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In Nathaniel Hawthorne’s “Young Goodman Brown” an allegory is written to show the dangers of abandoning one’s Christian faith, along with black irony and an overflow of symbols Hawthorne lights the narrow path of destruction that Young Goodman Brown went down. From leaving his wife, coincidently named Faith, to seeing many people of his own village who are highly notable for their faith with the devil, Brown completely loses all Faith.
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Faith, his wife, represents his faith, so when Young Goodman Brown leaves his wife to go visit the devil in the forest, he also leaves his faith. “…and after this one night, I’ll cling to her skirts and follow her to Heaven.” (385). Every Christian knows one cannot get into Heaven by following someone and one should never leave his faith behind when visiting the devil. Heading to the forest, Hawthorn writes it as no accident, that the sun was setting as he was leaving Faith, every step he took away from his Faith, the light of God slowly left his heart. In the forest
“He had taken a dreary road, darkened by all the gloomiest trees of the forest, which barley stood aside to let the narrow path creep through, and closed immediately behind. It was all as lonely as could be; and there is this peculiarity in such a solitude, that the traveller knows not who may be concealed…” (386).
Hawthorne writes the forest as confusing and lonely, just as a Godless life would be. In the forest Young Goodman Brown meets an older man who looks to be an older version of him, though his real identity is shown to the reader with the snakelike staff he carries, which of course the snake is the universal symbol for the Devil. Hawthorne incorporates some black irony when the devil said he was late, Young Goodman Brown replies, “Faith kept me back awhile,” (386).
Now when the devil pushes Young Goodman Brown onward, “Friend, having kept covenant by meeting thee here, it is my purpose now to return whence I came. I have scruples, touching the matter thou wot’st of.” (386). Brown makes a feeble attempt to turn away, making a sacred promise to meet him, that now he’s had enough, but the devil, known for his beautiful lies, convinced him to keep going.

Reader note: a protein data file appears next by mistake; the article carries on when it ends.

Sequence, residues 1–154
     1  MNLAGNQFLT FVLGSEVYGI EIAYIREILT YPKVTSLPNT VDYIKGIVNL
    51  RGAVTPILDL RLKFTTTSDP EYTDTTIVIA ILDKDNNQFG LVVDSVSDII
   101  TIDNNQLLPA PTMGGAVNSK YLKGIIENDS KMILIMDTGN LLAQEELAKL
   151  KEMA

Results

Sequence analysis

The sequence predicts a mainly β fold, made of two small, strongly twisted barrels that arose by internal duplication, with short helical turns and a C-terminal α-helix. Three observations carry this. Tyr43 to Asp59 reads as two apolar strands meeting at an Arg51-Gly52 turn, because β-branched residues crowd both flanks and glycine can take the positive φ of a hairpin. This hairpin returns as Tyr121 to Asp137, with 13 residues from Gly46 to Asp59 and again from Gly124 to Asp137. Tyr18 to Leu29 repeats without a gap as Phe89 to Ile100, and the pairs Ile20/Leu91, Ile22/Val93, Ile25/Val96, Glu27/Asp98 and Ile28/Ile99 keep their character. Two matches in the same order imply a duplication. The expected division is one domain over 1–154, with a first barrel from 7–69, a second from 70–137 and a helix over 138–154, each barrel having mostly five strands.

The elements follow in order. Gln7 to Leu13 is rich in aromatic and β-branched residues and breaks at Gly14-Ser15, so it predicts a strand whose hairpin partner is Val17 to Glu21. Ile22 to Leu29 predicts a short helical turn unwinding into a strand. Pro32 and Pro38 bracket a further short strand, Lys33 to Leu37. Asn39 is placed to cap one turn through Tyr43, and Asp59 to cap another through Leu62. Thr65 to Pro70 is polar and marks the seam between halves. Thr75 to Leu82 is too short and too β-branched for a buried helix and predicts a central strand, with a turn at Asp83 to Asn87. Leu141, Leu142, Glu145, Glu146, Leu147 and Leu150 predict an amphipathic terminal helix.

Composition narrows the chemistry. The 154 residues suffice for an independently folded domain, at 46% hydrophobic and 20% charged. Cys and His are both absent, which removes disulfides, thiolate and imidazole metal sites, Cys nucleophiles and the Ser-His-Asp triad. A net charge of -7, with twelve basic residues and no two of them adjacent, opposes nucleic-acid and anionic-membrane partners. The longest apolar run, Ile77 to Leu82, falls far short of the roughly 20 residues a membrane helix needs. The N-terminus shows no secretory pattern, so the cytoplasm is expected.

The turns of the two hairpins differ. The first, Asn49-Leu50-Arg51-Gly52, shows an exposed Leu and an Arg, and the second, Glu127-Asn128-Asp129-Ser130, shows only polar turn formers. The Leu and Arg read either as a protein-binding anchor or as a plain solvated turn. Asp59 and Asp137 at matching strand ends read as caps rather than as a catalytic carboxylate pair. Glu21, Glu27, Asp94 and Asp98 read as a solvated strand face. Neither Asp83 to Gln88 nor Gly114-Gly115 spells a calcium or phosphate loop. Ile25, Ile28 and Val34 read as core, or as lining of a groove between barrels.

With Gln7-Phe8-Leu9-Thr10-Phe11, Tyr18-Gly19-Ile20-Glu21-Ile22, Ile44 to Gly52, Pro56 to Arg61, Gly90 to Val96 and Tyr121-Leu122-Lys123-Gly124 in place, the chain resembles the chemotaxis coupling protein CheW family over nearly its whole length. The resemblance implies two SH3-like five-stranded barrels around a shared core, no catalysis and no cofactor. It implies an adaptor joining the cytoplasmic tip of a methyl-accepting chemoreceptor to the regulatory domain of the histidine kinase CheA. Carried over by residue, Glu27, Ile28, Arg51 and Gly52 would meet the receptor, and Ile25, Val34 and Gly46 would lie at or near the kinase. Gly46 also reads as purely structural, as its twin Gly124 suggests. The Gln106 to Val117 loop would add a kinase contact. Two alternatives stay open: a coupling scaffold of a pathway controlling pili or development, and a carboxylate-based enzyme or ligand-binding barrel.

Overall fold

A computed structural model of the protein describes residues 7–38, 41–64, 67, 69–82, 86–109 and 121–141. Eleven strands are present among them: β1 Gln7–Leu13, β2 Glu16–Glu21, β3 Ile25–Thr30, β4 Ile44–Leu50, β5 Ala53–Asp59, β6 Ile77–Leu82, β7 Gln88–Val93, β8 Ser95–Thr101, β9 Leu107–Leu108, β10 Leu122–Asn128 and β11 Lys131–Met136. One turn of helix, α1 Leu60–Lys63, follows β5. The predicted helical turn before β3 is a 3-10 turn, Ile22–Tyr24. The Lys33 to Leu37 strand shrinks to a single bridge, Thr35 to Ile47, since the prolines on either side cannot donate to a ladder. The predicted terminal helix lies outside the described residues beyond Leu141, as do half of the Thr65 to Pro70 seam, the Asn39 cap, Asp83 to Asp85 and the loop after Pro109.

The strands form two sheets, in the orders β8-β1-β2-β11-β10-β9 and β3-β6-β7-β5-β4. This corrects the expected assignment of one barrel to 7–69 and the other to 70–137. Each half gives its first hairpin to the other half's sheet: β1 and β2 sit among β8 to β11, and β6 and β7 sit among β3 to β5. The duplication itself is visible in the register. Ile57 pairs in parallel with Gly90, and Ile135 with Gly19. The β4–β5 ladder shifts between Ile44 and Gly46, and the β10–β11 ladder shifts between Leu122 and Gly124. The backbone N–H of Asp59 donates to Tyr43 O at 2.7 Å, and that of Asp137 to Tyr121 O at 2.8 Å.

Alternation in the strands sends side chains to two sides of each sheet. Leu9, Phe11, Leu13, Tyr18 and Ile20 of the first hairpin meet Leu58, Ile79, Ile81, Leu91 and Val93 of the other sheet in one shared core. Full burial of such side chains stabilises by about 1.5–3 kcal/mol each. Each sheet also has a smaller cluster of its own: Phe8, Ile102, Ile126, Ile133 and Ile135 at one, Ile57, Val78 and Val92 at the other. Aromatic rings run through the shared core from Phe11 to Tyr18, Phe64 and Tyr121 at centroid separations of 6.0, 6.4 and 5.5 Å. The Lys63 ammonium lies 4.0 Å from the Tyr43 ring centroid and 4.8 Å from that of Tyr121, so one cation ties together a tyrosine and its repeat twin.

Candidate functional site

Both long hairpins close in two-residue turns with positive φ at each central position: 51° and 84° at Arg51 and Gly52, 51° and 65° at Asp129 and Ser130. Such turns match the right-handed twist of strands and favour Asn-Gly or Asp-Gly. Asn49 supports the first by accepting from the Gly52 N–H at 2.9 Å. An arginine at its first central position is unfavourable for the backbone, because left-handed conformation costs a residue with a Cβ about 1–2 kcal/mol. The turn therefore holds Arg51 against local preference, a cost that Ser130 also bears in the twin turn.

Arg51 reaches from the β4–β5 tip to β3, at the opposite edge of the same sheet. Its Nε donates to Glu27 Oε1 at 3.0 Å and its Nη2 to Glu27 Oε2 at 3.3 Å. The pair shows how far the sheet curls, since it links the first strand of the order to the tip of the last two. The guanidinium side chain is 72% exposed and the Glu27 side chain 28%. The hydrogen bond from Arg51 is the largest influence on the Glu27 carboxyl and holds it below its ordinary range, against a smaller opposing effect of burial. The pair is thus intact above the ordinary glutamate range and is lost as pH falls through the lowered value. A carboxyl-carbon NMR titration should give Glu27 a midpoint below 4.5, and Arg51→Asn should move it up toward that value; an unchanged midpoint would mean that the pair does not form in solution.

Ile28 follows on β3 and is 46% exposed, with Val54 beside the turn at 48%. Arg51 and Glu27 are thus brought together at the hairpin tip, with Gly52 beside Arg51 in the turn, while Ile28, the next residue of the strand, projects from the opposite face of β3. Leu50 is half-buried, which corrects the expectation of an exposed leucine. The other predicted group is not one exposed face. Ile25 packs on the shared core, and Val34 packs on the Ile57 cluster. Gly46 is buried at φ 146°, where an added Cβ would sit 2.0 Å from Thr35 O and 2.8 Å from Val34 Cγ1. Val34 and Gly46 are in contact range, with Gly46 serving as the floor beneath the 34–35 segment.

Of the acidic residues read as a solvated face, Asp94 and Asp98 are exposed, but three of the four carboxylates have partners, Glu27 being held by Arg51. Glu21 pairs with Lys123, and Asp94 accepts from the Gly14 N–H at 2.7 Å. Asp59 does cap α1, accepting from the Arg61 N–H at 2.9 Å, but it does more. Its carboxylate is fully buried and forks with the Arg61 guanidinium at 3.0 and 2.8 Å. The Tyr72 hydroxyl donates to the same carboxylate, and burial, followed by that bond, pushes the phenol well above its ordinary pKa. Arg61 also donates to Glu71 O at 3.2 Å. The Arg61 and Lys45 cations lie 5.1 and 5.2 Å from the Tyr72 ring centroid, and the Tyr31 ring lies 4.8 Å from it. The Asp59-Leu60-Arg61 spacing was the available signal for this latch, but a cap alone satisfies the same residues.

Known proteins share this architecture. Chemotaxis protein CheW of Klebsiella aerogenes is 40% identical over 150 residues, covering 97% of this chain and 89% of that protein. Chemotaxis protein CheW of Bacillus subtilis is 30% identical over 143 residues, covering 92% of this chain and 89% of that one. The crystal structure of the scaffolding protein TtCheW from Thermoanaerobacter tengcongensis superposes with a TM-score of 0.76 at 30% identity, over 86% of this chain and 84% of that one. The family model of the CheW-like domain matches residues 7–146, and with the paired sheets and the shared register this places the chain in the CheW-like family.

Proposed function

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Through his journey with the devil he learns that his father and grand-father were also in ties with the devil, and also many other upstanding people in his village. He was shocked. When they come upon Goody Cloyse, Goodman Brown makes another attempt, “…my mind is made up. Not another step will I budge on this errand. What if a wretched old woman do choose to go to the devil, when I thought she was going to Heaven! Is that any reason why I should quit my dear Faith, and go after her?” (388). This is humorous in a way, because he has already left his faith; she is at home without him. Now when the devil disappears, he hides from the oncoming deacon and minister; he notices that the faint gleam from the strip of bright sky does not touch them because they have chosen to walk in the darkness of sin. “With Heaven above, and Faith below, I will yet stand firm against the devil!” (389). As he looked up to pray, a cloud, though no wind was moving, moved across and hid the stars, then finally the last hard blow to his Faith, he heard a familiar voice in the crowd of the people in the forest, he heard his wife, Faith. Then that pink ribbon fell on the branch next to him, and he cried, “My Faith is gone!” (389). Now Brown leaves the path to run through the woods. Hawthorne illustrates that once one leaves the path of righteousness it is hard to find it again even if one desires to, because the woods of sin are all darkness and confusion. When Brown returns home believing he has rejected the devil, but in fact he did not; he becomes a bitter, fearful man, who becomes suspicious of everyone around him.
Even though the protagonist in this story did what was right in this context, Hawthorne does not leave this black and white allegory of sin and redemption a happy ending. Brown dies alone, a bitter old man. In Nathaniel Hawthorne’s “Young Goodman Brown” an allegory is written to show the dangers of abandoning one’s Christian faith, along with black irony and an overflow of symbols Hawthorne lights the narrow path of destruction that Young Goodman Brown went down.
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